You speak of her wavering interest in her career. Once again YOUR perception and judgement. Yes, she definitely had her wavering moments but don't we all? Don't you? Did you ever stop to ask her why or what she was feeling and if in fact she was wavering, and if so why? I gotta tell you that in any long term relationship, from time to time, your partner will probably question their career and where they are with it especially if she's an artist. That's a good thing and truth is that you could have supported and believed in her a little more. Can you blame her for shutting you out. She was devastated girl, she truly loved all of you, even them bratty difficult parts and that hotheaded stubbornness. She wanted to build a life with you. And though nothing ever EVER warrants dishonoring or direspecting someone, her lashing out is directly related to hurt. She didn't think this would happen. It was supposed to be forever in her mind, so she feels a bit played. As for leaving her family, it's her safely, that's why she stays, maybe a bit too long so actually that one I'll give you... it was definitely time to cut that cord, but again, she would have in time.
I'd love for you to familiarize yourself with the law of attraction which says unto like comes like in other words you call in what you put out, so with the (judgmental) energy you are putting out in the financial realm, you are bound to call in lessons of money in the form of one of two things, you will either attract women that have less both financially and emotionally to perpetuate the energy or you will attract women who are even more judgmental than you are in that realm and won't see you as worthy of them.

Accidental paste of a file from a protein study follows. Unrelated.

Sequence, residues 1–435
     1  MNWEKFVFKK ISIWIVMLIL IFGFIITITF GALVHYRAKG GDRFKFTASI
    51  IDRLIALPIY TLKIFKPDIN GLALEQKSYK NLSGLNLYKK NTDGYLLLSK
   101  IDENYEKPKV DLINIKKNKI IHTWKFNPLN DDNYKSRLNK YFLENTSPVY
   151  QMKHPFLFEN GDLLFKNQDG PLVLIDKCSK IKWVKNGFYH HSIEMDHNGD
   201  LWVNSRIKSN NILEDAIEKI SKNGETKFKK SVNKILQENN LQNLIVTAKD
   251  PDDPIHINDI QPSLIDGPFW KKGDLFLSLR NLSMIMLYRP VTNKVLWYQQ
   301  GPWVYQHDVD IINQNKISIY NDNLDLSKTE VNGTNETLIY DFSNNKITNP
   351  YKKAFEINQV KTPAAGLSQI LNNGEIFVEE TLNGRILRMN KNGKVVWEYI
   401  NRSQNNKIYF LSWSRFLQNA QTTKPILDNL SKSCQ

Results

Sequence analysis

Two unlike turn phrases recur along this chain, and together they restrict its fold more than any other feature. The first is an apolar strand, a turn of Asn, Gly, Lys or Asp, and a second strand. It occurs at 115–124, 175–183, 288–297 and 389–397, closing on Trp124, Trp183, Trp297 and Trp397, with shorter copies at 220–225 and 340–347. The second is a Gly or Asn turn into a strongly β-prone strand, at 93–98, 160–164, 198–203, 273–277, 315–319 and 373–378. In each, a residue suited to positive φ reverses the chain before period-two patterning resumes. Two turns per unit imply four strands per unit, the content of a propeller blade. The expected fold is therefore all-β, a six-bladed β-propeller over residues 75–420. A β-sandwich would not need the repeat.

Oh... one other thing, please please stop asking for and listening to all your friends advice. I know they mean well, but their lack of experience won't help you at all and anyway you have a strong gut instinct, develop that as it won't steer you wrong. If you had gone on your first gut, you may not be saying, "What if," so much today in relation to your ex.
Look little sis, I'm being a hard ass here because I want you to have the love you are looking for and have seen first hand where this could land you. You get a pass this time because you were only 23 and that's what your 20's are for, but I really really want you to learn from this because I can promise that if you don't, you will keep pushing away great people and drawing in assholes, not to mention that your outlook just aint cute in your 30's and up. I've seen it happen way too often and the result is a selfish, lonely bitter person who keeps asking, "why me?" I feel like maybe if someone gave them a stern talking to in their 20's they would realize that selfish and shallow just aint sexy and they may have woken up. I know deep down you don't want to be that. I know you want love and to be loved and a long term partner. So because you asked what your mistakes were because you want to move forward (and you do get a big high five to you for that) I gotta be real with you. While it sucks to have to learn this lesson with someone you loved and lost, just recognizing it means you have already begun to grow, thus breaking the cycle. By the way... true art is an unselfish act so that will flourish with the change as well. I guess what it boils down to and listen up here peeps... If you want a partner, be a partner. If you want unconditional love, be unconditional. Sabotaging a great relationship only ends up hurting you. You are never too old or young to learn from your choices, that's what we are here to do, learn and grow. Keep up the introspection Serena. Great luck.